(Posted on Lecture 14; Presentation on Lecture 18.)
Prepare a 1 hour lecture to present to your classmates on one of the topics listed below. You will prepare the lectures in teams of 3 or 4, and you can use any visual aids you like (blackboard, overheads, Powerpoint, PDF, VHS, DVD, ... the classroom is equipped for everything!). The topics are from Goodman's book (the relevant sections listed next to the topics). You should plan to share the hour-long lecture equally among project mates (i.e. a total of 20 or 15 min each, in either order). The presentations will be held for four hours on Lecture 18 (pizza and drinks will be served). Please prepare to ask George questions during the preceding office hours or by arranged meetings with the teams (no more than 2 meetings per team, please).
- Statistical Properties of spatially-integrated intensity (Section 6.1) Duration: 1 hour.
- Propagation of mutual coherence through a single-lens imaging system (Section 7.1) Duration: 1 hour.
- Calculating image intensity in a partially-coherent imaging system (Section 7.2) Duration: 1 hour.
- Partially coherent image formation and the importance of phase information (Sections 7.3, 7.4) Duration: 1 hour.
(Posted Lecture 19; Presentation on Lecture 26.)
Prepare a 1/2 hour talk describing your team's results on the topics described below. You will be working in teams of 3 or 4 and again any visual aids for your presentation are acceptable. You should plan to share the presentation equally among project mates and leave sufficient time for questions at the end. One good way to do this is to plan for 8 min of presentation each (for a team of 3) or 6 min each (for a team of 4) and be prepared to answer questions from the rest of the class for 6 min at the end in team mode (i.e. either team member can answer). The presentations will be held on Lecture 26 for two hours (pizza and drinks will be served).
Read the following papers (at least the introductory parts, without getting bogged down by the details).
- Barbastathis, G., and A. Sinha. "Information Content of Volume Holographic Imaging." Trends in Biotechnology 19, no. 10 (2001): 383-392.
- O'Sullivan, J. A., R. E. Blahut, and D. L. Snyder. "Information-Theoretic Image Formation." IEEE Transactions on Information Theory 44, no. 6 (1998): 2094-2123.
- Neifeld, M. A. "Information, Resolution, and The Space-Bandwidth Product." Optics Letters 23, no. 18 (1998): 1477-1479.
Use the information from the lectures and the papers to follow up with your own results on the following:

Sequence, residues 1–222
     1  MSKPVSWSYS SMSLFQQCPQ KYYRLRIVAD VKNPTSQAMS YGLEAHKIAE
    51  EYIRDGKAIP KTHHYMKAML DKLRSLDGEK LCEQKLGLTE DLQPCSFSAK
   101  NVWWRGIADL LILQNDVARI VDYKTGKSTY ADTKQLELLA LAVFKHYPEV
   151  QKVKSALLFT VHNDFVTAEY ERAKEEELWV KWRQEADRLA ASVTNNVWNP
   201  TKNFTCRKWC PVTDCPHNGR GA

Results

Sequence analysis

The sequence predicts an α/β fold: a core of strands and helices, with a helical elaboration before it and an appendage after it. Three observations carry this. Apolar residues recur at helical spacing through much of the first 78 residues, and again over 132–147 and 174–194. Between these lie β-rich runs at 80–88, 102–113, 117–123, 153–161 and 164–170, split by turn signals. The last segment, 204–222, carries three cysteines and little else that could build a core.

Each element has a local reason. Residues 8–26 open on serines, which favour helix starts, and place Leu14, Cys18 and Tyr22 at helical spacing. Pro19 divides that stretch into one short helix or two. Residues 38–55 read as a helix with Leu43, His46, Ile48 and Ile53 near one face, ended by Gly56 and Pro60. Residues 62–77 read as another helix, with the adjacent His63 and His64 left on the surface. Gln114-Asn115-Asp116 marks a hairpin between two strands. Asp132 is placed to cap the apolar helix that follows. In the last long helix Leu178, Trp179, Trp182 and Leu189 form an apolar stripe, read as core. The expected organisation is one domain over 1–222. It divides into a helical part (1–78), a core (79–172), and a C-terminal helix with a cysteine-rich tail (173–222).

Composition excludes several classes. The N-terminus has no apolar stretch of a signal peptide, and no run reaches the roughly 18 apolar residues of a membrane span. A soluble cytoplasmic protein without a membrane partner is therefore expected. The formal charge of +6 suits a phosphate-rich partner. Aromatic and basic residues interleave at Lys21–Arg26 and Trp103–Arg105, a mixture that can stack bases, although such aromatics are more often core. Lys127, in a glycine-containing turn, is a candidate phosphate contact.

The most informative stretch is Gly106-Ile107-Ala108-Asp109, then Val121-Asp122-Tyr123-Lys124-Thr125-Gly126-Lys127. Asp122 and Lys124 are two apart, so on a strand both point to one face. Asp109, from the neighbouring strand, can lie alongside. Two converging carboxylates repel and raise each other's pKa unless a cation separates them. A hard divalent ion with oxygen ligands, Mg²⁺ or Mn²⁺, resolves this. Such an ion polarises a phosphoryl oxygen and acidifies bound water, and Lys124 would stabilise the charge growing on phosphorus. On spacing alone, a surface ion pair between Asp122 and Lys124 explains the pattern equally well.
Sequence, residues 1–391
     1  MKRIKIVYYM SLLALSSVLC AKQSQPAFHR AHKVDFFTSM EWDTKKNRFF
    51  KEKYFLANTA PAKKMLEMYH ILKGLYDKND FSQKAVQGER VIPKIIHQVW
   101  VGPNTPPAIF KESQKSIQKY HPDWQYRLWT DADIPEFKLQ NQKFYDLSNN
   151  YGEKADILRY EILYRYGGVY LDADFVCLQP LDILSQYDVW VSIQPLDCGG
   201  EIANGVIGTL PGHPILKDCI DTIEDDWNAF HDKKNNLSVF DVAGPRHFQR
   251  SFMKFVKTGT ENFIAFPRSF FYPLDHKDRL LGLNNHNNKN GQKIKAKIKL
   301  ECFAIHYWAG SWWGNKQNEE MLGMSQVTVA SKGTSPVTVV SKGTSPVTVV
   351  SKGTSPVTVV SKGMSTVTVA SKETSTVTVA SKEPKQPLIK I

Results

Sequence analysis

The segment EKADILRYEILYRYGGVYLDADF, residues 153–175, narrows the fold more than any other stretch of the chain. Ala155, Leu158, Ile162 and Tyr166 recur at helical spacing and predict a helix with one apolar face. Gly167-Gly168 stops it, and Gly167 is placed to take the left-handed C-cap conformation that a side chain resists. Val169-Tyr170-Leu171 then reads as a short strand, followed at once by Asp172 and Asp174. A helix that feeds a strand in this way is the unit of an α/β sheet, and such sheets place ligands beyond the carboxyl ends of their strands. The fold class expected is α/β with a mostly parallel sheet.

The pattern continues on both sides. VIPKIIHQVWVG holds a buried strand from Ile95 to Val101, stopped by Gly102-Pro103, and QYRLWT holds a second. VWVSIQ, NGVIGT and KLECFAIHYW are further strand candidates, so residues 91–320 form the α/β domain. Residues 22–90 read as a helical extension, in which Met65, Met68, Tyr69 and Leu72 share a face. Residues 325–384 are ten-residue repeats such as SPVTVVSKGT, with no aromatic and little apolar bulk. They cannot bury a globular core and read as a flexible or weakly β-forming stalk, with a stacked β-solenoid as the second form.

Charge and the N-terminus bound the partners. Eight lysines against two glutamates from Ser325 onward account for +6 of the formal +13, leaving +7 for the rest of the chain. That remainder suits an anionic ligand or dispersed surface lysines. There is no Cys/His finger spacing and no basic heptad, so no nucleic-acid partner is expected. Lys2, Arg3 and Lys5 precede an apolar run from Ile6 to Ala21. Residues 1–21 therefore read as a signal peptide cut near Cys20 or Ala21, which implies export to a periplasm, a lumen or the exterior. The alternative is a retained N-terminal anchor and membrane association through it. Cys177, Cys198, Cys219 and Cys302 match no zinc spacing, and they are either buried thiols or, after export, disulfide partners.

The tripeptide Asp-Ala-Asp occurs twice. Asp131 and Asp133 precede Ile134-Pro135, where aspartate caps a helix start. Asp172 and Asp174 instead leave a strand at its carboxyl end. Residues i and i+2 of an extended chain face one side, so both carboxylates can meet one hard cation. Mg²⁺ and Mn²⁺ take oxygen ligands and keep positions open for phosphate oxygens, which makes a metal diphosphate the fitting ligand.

- Read the paper "Statistical solution to the two-point resolution problem" by G. Barbastathis, Proceedings of the OSA Topical Meeting on Integrated Computational Imaging Systems (ICIS; Albuquerque, NM, November 2001) pp. 33-35. Discuss the difficulties involved in extending the analysis to more than two point sources, and use the Monte-Carlo method to produce numerical results instead for the dependence of the information on the space-bandwidth product (similar to Neifeld's paper above).
- Read the paper "Axial imaging necessitates loss of lateral shift invariance" by A. Stein, A. Sinha, and G. Barbastathis, Proceedings of the OSA Topical Meeting on Integrated Computational Imaging Systems (ICIS; Albuquerque, NM, November 2001) pp. 26-28. Replace the authors' calculation of resolution by use of the information theoretic metric (assuming Gaussian noise statistics). Discuss if a general proof is possible to strengthen the authors' conjecture.
- Read Goodman sections 8.1-3 about effects of random screens on image quality and do some simple simulations to evaluate the effect of random screens on information transfer through an imaging system.
- Calculate the information-theoretic content of the Radon transform (Born & Wolf 7th edition sec. 4.11; Bertero & Boccacci sec. 8.2, 11.1-3). Discuss in particular the results of radial sampling on the stability of the inverse problem, e.g. compare radial with rectangular sampling. Is the information content variable over the image?
Please do all the necessary reading during the first week so we can discuss whatever is unclear in the papers during Lecture #21. This gives you two weeks to digest the reading further, do some calculations (Warning: some will take a long computing time so the earlier you start the better) and prepare your presentations. It's ok if your presentations are not flashy, as long as there is substance.